There has been a lot of talk about the quality of the all-Canadian division, and rightfully so.

The past week represented a measuring stick of sorts as the two top teams in the division by points percentage squared off twice.

What did we learn?

Honestly, not much.

Each team won once in regulation. The Habs outshot the Leafs in both games, and they outhit Toronto drastically in one of the games. Based on how each team plays, that was probably to be expected. The Leafs scored one goal over the two games where one of their top two lines wasn’t on the ice, and that goal was driven by one of their top players (the Ilya Mikheyev goal where Zach Hyman drove the net to make the play).

Of their five goals in two games, two were scored at 4v4 and one was an empty netter.

There are some legit concerns about the Leafs’ 5v5 scoring, particularly from their depth lines. There are also legitimate concerns about how much they will really score when the power play dries up (five goals in two games where they went 0/3 on the power play). While it’s worth noting that the Leafs are dealing with some injuries up front — those do hurt their depth — it also has to be kept in perspective that their top five — arguably their top six — forwards are all healthy.

The first period the Leafs played in the second game against Montreal might have been their best of the season. They could have easily been up 3-0, but after failing to capitalize on their opportunities, anybody will tell you how that often plays out against a good opponent. The Habs tilted the ice from there.

In the first game, the Habs spread out the checking against the Auston Matthews line as only one forward (Phillip Danault) played over five minutes against Matthews. In the second game, the line of Toffoli – Danault – Gallagher played over eight minutes against him, and Josh Anderson also saw over five minutes of ice time against him as well. Even though Matthews did pickpocket Danault for an early goal, the Habs have had some success with that line going head-to-head against them before.

While the Habs scored right away in the first game, it felt fairly comfortable throughout for the Leafs — as if it’d only be a matter of time until they tied it up and eventually took the lead. Once the Leafs did score, they never gave it back. The Habs pulled within one late, but the Leafs looked like the better team.

In the second game, as mentioned, the Leafs were dominant to start. Credit to the Habs for digging deep in their third game in four nights to outplay the Leafs the rest of the way, leading to a deserved win. Montreal scratched and clawed to even it up; for the Leafs, it felt like they let one get away.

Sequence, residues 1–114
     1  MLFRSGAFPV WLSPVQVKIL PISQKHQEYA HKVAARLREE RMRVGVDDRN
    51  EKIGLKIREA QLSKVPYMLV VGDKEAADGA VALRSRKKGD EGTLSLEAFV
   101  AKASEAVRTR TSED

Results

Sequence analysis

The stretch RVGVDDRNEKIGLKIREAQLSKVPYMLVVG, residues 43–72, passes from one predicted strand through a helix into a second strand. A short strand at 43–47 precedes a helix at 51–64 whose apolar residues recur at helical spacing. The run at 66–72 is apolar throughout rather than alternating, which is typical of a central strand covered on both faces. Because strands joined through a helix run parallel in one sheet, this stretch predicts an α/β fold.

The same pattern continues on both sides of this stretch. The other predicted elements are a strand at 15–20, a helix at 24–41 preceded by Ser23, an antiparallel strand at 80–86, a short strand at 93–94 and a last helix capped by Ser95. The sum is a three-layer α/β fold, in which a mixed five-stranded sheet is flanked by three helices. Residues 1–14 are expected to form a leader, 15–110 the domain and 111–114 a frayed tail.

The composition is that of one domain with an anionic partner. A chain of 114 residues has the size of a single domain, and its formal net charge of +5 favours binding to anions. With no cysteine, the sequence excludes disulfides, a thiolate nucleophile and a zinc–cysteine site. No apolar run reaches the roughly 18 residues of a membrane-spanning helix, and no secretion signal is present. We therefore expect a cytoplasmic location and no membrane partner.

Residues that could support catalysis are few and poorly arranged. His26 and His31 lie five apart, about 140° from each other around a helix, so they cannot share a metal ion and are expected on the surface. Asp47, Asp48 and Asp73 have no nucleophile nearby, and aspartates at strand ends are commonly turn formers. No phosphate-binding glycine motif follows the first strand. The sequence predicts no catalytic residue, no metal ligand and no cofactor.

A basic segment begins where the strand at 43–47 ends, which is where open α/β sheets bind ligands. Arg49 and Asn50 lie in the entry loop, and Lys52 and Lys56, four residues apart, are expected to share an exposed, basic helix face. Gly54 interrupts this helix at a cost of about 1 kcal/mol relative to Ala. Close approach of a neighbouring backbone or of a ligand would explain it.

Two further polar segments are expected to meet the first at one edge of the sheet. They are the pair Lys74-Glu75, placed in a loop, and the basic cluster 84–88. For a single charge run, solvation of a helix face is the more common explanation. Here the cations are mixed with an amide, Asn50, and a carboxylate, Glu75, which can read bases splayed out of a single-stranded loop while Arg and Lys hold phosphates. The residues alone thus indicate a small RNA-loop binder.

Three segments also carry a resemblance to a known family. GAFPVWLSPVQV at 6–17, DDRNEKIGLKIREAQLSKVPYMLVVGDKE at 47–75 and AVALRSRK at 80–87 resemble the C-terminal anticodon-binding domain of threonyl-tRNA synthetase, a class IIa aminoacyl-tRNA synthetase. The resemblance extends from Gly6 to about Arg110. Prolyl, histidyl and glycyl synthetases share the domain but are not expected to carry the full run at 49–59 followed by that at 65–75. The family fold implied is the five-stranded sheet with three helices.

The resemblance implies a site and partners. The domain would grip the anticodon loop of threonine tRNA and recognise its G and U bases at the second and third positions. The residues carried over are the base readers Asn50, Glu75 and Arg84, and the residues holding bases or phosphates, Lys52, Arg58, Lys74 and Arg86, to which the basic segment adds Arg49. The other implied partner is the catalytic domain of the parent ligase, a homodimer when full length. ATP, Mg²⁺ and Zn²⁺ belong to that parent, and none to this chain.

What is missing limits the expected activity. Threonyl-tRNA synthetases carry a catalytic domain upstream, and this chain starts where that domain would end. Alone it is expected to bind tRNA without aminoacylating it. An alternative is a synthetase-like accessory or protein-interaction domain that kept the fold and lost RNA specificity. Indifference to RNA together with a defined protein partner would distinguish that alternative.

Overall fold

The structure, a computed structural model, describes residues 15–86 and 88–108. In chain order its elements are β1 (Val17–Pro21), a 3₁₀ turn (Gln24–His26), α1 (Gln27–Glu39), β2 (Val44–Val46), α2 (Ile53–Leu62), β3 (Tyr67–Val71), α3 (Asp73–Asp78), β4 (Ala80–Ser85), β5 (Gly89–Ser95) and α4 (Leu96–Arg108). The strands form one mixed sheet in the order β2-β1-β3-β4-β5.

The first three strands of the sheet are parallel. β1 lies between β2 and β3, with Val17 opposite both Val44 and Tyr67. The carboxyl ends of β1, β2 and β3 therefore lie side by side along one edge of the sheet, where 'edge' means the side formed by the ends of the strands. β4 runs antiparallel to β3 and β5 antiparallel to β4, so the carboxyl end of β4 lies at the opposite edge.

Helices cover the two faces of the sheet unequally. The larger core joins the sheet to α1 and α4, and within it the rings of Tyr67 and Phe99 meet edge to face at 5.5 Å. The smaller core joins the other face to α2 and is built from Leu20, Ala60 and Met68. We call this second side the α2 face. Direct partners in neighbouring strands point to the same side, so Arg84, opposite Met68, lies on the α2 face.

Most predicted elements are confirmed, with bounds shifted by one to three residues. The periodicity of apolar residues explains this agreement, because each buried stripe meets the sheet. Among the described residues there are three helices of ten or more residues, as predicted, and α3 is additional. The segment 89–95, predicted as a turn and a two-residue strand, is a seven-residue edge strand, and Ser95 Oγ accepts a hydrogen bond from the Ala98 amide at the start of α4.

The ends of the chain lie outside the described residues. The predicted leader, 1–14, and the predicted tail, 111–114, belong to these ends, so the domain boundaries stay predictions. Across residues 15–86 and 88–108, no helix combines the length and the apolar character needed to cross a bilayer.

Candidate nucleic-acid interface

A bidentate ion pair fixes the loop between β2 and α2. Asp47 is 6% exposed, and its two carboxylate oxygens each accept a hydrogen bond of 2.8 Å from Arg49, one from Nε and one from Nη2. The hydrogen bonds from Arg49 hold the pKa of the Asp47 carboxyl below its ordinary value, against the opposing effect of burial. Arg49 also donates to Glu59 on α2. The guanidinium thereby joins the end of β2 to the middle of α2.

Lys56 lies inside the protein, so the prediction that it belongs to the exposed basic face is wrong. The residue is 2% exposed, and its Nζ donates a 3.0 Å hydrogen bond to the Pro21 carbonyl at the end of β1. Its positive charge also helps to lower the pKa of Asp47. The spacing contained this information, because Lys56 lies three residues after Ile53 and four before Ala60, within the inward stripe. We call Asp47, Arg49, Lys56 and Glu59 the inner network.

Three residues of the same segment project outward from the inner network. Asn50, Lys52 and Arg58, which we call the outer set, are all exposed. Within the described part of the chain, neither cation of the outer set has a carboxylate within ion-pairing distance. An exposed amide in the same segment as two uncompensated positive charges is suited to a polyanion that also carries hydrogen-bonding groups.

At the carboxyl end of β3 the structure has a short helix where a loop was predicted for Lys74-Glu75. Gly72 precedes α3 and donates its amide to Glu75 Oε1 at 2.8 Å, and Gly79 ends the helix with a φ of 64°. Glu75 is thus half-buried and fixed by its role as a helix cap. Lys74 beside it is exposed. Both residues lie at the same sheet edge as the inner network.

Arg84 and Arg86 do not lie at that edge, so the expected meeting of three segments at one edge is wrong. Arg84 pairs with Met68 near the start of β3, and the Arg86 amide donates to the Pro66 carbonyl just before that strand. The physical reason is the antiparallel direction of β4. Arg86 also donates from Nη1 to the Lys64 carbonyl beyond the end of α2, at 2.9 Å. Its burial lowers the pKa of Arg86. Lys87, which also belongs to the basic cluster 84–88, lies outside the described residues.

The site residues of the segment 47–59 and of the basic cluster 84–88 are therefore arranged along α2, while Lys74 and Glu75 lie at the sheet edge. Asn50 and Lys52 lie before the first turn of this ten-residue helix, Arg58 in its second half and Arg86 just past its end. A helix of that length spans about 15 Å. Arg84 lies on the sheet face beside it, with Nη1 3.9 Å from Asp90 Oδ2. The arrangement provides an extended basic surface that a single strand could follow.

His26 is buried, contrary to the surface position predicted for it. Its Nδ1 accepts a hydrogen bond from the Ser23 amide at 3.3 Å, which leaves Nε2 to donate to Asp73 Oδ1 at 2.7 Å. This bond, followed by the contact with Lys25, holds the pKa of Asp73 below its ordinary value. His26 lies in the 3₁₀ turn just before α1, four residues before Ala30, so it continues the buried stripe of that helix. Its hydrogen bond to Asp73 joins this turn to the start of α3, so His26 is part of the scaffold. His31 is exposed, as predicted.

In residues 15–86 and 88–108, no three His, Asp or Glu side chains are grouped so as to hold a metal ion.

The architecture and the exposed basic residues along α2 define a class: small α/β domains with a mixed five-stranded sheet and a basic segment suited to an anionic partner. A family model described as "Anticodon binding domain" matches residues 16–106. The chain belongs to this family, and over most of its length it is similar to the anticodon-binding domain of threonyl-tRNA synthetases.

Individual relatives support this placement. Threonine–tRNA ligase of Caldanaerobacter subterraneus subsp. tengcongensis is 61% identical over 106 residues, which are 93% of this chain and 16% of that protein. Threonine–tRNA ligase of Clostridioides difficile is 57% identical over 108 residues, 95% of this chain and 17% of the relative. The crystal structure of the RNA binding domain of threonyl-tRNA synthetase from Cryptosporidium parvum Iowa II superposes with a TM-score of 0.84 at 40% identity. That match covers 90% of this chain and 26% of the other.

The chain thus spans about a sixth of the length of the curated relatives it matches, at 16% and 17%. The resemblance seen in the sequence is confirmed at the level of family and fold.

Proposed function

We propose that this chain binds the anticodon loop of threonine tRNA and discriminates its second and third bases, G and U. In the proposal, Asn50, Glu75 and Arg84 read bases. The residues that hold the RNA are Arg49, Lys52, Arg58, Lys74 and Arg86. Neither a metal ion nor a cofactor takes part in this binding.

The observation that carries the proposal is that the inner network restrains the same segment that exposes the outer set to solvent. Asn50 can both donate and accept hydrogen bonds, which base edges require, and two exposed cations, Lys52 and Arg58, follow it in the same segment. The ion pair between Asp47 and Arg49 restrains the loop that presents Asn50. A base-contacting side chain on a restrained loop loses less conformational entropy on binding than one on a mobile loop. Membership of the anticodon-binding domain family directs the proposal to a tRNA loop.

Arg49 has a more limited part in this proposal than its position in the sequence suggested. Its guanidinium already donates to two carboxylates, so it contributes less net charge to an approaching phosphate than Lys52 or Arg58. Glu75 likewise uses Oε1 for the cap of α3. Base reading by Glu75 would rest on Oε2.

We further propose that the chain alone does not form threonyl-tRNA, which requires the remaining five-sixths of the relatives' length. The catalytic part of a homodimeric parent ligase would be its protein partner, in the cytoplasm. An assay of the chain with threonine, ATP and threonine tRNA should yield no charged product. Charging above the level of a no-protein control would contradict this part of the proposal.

In the meantime, the questions about the scoring depth and 5v5 offense remain valid until the Leafs prove otherwise.


Toronto Maple Leafs’ John Tavares and William Nylander
Photo by Kevin Sousa/NHLI via Getty Images

– The Leafs have five forwards averaging under 10 minutes per game of ice time so far this season – Jason Spezza, Travis Boyd, Joey Anderson, Adam Brooks, and Alexander Barabanov – as they generally lean towards loading up their top lines with ice time. (Note: I’m not including Nick Robertson in the count as he got hurt in the one game he played). In the first game against the Habs, only Jimmy Vesey (9:40) and Boyd (9:50) played under the 10-minute mark. In the second game, only Boyd (9:39) finished under that number. The Habs love to roll their lines, while the Leafs are trying to find combinations among their depth forwards that would push them more towards that possibility instead of leaning on their top weapons for 24+ minutes a night.

Mitch Marner leads all forwards in the league in time on ice per game, with the next highest player, Connor McDavid, playing an average of 41 seconds fewer per game than Marner. There has only been one game this season where Marner did not crack the 20-minute mark. I wonder if this will hold throughout the season or if the Leafs will look to ease off the workload at some point. With a condensed schedule consisting of a lot of games in a short period of time, overloading ice time does not seem like the best way to ensure players enter the playoffs healthy. In the NBA, clubs are prioritizing load management and minutes played, as are MLB teams with pitch counts. The Leafs invest a lot into sports science. We’ll see how this progresses.

– Interestingly, seven of the top 10 forwards in ice time are in the all-Canadian division (only Patrick Kane, Anze Kopitar, and Jack Eichel are not). I wonder if this is a bit of a chicken-and-egg scenario, where each team feels the need to load up because they are matching up against one another. I also look at the depth of these teams and wonder if the coaches feel like they have little choice.

– I don’t think TJ Brodie established good positioning on Brendan Gallagher or read the play well (he turned the wrong way after Gallagher tipped the puck down) on the eventual game winner. Credit to Gallagher, who is a great player in front of the net and made a nice play, but his stick wasn’t tied up, and he cleanly turned and fired an easy shot for a goal. You have to be much more physical in front on a player of that calibre.

Alex Kerfoot has become a bit of a hot-button topic, as the 3C is an important position on any team. The Leafs pulled him off the power-play unit for Nic Petan, and there were some little mistakes from Kerfoot that you’d like to see cleaned up from a player in his position.

For example, toward the end of the second period in the first game against the Habs, Kerfoot was on for a long shift spent hemmed in his own zone with his linemates. He finally got the puck out and was skating it through center with everyone desperately in need of a change. Instead of shooting it down and changing, he continued to carry it, Jeff Petry caught him and knocked the puck away, and the Leafs were caught in the middle of a change. The Habs went down the ice for a scoring opportunity.

Later in the same game, Kerfoot turned a puck over, leading to a Zach Bogosian penalty. The little things add up. Against Vancouver earlier in the week, he turned it over inside his own blue line instead of shooting it down while killing a penalty, leading to Elias Pettersson’s goal. Kerfoot has established that he isn’t much of a scorer at this point, but he can at least be responsible and strong on the puck.

William Nylander and John Tavares combine to score the odd beautiful goal because they are both really good players, but at this point, it would be difficult to confidently suggest that they bring out the best in each other on a regular basis. Even last year in Nylander’s career season, he was on the ice for 25 goals for next to Tavares and 30 against compared to 34 goals for alongside Matthews and 27 against. Nine of his career-high 31 goals came on the power play.